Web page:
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    Book Club in a Bag

    Fifty Shades of Summer

    by Suzen - 1 Comment(s)

    Unlike many of my colleagues, I didn't get a chance to take a traditional vacation this summer. While everyone else was jet setting to exotic locales like San Francisco, Orlando and Edmonton, I didn't even make it past the downtown core, never mind leave the city! Truth is, I didn't mean for my summer to turn out this way. I had big plans to take a road trip through the Rockies, even ride my bike through Regina, or go shopping in Montana but I unintentionally turned into one of "those people" I vowed never to be. You know the type of person that tries to juggle a million different things at once and constantly forgets to take time for herself until the entire summer has gone by and she doesn't even have a tan to show for it. You know, one of those...

    The closest I came to taking an actual vacation was to put my brain on one by reading the most popular adult fiction book of the summer: Fifty Shades of Grey by E.L. James. Along with the other books of this trilogy, Fifty Shades has been on the New York Times Fiction Bestseller List for past 27 weeks and counting. The Calgary Public Library consistently has over 750 patrons on the wait list, including normal paperback, large print and electronic formats. And any retailer that sells books – be it Chapters, Costco or Walmart – has hundreds upon hundreds of the prolific but unassuming black and white covers lining the shelves.

    Fifty Shades of Grey by EL JamesFifty Shades has saturated the adult reading market, grabbing the attention of avid readers and occasional readers alike. I picked up the trilogy in ePUB format after weeks of fielding requests for the novel at the information desk. I had no idea what the book was about when I picked it up and at page 150, I still had no idea what it was about. Even now, after finishing it, my comprehension of the plot is still quite hazy. Here's what I know:

    Fifty Shades of Grey introduces our socially awkward heroine, Anastasia Steele, a recent university graduate who is as hopeless with computers as she is in love. Ana meets a man that completely turns her world upside down, Christian Grey - a mysterious 20-something billionaire who, despite his designer clothes, aloof demeanour and casual use of the company helicopter, has noble philanthropic inclinations. As the story meanders along, Ana and Christian become tied together in a predictable "opposites attract" dynamic. Ana, annoyingly insecure in her appearance and sexual prowess, channels her "inner goddess" to crack Christian's painfully constrained outer shell. As their relationship slowly progresses, Ana falls in love while Christian remains at an arm's length, expressing his affection through aggressive and controlling behaviour. The constant push and pull between Ana and Christian goes nowhere pretty quickly, the emotional tension lifting only by the barest of measures during their sexual encounters which are, at times, long winded and emotionally tiresome.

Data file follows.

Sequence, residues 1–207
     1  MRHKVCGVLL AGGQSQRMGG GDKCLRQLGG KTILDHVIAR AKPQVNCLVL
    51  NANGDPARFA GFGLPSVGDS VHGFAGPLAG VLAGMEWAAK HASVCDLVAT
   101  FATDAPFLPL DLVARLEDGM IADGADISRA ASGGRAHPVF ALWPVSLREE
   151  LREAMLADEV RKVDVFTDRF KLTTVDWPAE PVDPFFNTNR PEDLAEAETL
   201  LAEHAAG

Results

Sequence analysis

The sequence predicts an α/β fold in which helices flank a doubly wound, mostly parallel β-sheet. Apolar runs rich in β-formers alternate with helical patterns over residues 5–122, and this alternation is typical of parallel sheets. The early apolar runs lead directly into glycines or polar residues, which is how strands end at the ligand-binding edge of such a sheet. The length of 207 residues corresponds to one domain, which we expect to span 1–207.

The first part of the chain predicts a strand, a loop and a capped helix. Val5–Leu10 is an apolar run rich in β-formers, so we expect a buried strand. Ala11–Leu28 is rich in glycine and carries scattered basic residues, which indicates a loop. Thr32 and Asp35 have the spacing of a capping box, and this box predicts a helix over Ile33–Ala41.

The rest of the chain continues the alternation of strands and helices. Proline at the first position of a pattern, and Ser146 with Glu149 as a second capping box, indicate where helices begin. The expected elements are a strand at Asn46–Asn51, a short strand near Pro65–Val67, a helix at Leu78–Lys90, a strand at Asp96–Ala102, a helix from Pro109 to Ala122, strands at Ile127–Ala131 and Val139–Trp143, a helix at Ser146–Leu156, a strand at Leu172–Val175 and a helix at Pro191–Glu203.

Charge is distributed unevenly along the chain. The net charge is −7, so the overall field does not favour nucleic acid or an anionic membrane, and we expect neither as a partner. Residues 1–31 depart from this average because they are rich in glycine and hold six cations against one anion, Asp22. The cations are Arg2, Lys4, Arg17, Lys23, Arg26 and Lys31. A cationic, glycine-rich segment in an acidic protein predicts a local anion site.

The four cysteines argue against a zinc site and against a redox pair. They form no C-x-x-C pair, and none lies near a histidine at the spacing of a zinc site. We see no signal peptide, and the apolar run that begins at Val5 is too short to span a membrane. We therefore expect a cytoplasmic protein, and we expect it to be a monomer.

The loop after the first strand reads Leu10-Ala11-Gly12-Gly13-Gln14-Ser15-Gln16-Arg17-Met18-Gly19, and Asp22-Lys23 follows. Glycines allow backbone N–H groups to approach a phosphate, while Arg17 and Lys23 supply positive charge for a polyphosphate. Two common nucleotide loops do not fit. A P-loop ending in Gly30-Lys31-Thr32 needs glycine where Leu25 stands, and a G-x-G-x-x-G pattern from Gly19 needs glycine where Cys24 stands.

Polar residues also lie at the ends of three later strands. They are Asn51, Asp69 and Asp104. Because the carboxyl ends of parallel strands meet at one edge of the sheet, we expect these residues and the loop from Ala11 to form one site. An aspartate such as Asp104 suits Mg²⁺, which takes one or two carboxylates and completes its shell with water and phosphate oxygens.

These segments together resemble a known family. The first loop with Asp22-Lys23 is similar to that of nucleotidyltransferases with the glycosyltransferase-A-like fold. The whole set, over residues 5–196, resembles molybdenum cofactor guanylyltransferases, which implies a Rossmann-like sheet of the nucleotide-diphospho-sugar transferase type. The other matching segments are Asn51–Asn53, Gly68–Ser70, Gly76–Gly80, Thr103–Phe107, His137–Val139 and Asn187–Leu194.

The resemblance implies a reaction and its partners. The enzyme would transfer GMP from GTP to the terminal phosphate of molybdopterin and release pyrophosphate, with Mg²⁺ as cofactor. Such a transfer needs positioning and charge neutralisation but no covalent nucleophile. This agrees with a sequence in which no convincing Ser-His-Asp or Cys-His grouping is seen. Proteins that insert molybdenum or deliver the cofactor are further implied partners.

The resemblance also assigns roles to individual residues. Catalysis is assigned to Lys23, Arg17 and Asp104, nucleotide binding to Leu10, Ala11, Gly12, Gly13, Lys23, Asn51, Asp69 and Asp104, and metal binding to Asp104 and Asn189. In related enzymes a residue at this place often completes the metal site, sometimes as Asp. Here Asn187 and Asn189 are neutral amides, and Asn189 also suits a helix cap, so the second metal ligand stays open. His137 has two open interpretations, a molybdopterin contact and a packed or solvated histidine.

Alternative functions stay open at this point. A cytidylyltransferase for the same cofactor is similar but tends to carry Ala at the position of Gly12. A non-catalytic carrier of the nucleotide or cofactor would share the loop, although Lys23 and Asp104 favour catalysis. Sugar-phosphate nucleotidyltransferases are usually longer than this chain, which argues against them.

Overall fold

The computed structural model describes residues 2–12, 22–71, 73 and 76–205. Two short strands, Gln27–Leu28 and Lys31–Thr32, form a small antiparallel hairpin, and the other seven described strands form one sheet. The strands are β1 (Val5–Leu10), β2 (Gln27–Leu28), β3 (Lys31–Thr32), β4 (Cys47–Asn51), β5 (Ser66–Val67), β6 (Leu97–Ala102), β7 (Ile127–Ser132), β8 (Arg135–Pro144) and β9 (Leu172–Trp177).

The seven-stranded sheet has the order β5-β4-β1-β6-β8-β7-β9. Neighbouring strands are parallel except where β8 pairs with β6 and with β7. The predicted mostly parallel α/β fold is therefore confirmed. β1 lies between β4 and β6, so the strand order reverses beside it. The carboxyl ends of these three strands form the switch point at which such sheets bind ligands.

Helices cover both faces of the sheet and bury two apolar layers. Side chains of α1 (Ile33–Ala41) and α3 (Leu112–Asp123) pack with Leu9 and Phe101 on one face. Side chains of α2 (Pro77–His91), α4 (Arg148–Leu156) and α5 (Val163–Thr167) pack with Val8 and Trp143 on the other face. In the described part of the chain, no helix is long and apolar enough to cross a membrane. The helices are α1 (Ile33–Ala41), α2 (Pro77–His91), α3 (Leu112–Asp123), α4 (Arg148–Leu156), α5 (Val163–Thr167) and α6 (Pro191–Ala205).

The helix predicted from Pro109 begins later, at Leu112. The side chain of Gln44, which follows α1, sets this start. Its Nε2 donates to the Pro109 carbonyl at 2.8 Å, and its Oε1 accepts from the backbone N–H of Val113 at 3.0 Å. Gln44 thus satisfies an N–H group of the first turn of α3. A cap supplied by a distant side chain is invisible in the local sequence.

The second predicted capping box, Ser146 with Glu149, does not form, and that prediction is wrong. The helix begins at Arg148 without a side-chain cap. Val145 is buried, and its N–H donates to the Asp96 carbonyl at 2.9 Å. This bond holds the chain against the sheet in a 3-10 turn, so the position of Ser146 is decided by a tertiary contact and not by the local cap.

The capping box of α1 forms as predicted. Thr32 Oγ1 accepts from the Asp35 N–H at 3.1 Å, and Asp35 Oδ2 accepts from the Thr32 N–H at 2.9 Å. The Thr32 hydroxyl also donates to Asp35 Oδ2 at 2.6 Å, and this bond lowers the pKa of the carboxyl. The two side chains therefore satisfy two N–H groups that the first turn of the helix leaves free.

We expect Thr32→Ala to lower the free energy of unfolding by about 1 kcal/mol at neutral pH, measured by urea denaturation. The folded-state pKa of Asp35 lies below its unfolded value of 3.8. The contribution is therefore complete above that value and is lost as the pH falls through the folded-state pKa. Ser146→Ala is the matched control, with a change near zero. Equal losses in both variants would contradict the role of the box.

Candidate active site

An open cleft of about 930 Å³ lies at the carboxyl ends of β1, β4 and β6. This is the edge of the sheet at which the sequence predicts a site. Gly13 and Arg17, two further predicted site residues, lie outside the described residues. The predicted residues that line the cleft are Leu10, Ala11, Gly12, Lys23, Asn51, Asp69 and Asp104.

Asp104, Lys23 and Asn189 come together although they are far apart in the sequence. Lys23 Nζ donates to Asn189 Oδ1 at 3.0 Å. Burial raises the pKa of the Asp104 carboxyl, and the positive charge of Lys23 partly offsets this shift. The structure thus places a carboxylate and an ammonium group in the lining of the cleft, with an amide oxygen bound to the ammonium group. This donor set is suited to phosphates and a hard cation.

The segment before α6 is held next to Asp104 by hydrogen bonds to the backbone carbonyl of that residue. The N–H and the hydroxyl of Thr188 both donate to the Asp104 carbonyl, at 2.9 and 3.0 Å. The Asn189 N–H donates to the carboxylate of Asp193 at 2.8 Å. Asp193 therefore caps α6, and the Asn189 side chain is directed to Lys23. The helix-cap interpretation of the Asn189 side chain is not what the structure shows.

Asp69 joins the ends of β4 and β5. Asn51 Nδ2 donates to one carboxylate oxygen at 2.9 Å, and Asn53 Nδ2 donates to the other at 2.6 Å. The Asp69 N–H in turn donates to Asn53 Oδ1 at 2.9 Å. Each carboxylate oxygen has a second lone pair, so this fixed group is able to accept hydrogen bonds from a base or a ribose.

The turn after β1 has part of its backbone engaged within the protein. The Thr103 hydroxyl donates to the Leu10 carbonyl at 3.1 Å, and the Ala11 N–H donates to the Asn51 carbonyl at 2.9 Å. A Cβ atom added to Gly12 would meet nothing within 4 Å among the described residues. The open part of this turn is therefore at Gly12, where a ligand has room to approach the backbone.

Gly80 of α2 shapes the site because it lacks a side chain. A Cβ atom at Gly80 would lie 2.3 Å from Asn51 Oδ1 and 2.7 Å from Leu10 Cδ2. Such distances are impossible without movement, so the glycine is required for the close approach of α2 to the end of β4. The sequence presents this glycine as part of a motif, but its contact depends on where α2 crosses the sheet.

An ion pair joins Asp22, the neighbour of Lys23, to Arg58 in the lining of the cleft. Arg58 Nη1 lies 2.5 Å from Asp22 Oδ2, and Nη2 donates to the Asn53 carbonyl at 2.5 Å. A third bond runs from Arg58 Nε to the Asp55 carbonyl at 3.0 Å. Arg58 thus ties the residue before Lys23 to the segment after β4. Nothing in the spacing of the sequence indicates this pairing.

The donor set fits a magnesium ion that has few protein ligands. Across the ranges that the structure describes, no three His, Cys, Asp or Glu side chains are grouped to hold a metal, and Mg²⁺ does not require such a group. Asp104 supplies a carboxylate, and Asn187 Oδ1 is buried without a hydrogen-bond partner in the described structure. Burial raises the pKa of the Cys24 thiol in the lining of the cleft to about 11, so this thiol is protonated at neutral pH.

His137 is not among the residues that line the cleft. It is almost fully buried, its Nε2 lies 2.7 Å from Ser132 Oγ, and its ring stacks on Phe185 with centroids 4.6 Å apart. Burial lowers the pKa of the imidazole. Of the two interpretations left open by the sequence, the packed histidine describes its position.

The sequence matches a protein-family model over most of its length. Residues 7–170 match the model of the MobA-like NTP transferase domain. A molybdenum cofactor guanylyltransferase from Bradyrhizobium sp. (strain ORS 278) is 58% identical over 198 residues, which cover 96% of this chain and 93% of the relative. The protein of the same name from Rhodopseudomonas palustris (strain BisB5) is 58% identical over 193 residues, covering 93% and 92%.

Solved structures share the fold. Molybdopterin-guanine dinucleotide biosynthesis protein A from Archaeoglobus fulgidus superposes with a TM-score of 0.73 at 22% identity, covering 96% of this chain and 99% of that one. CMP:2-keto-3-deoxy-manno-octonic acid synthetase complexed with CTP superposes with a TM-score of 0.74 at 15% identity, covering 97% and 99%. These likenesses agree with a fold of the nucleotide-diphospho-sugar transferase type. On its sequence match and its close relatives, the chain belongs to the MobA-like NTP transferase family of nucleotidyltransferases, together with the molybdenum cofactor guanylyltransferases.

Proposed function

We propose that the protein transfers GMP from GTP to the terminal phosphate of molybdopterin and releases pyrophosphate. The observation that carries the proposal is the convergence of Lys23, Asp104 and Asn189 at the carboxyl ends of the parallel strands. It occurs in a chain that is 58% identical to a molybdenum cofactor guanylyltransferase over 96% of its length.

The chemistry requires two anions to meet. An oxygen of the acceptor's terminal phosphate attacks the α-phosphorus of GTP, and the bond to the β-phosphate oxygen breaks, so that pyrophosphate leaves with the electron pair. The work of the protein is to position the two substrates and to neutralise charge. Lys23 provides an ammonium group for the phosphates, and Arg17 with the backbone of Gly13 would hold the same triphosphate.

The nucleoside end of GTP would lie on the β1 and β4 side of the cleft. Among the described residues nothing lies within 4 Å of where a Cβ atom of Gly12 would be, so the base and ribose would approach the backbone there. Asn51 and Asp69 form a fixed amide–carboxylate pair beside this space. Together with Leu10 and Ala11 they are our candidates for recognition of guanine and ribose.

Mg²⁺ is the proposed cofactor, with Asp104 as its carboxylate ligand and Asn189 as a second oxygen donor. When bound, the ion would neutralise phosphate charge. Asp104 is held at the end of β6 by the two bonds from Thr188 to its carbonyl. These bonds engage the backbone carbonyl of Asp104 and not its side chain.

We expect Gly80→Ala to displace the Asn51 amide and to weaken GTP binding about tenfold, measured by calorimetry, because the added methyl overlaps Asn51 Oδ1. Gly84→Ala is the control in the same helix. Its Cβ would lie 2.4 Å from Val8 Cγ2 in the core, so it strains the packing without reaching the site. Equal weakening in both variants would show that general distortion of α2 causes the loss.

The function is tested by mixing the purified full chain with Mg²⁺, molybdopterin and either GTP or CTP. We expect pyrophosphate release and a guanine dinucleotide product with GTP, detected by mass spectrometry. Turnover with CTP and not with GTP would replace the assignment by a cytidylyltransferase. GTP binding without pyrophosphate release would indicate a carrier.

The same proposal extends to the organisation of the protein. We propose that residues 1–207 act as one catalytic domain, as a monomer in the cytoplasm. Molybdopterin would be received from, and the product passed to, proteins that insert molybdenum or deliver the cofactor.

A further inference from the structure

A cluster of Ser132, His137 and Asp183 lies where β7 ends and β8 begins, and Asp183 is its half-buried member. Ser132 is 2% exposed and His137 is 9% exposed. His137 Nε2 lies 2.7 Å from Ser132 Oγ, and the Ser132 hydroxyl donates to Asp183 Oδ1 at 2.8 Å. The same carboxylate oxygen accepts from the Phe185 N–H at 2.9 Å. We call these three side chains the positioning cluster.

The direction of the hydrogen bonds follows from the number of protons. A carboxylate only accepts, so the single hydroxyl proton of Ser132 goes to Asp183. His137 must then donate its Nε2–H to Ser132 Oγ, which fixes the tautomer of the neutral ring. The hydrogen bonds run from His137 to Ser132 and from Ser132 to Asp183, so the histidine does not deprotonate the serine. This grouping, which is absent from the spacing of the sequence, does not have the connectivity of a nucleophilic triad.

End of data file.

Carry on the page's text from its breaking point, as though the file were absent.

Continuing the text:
From what I can figure, Fifty Shades of Grey has a character-driven plot but the characters are so devoid of depth that it is impossible to decipher any plot at all. It's my opinion that the driving force behind this otherwise plotless romantic story is sex. Like many books in the contemporary romance genre, steamy love scenes are integral to the progression of the story and often the primary reason we're drawn to such escapism. What makes Fifty Shades different from the majority of popular contemporary romance is the taboo nature of such steamy love scenes which are less about "lovemaking" and longing glances from across the room and much more about sadomasochistic desires and being flogged for pleasure. Christian, an emotionally unavailable man, expresses his (un)affection with Anastasia by controlling everything she does - including what clothing she wears, what she eats, how she acts in public and her role in the bedroom. Granted, Ana doesn't take to the submissive role easily and repeatedly questions Christian's actions; but she ultimately resigns to the predictable romantic but ultimately self-destructive adage "If I love him hard enough maybe I can change him!". And we all know how that age-old story ends....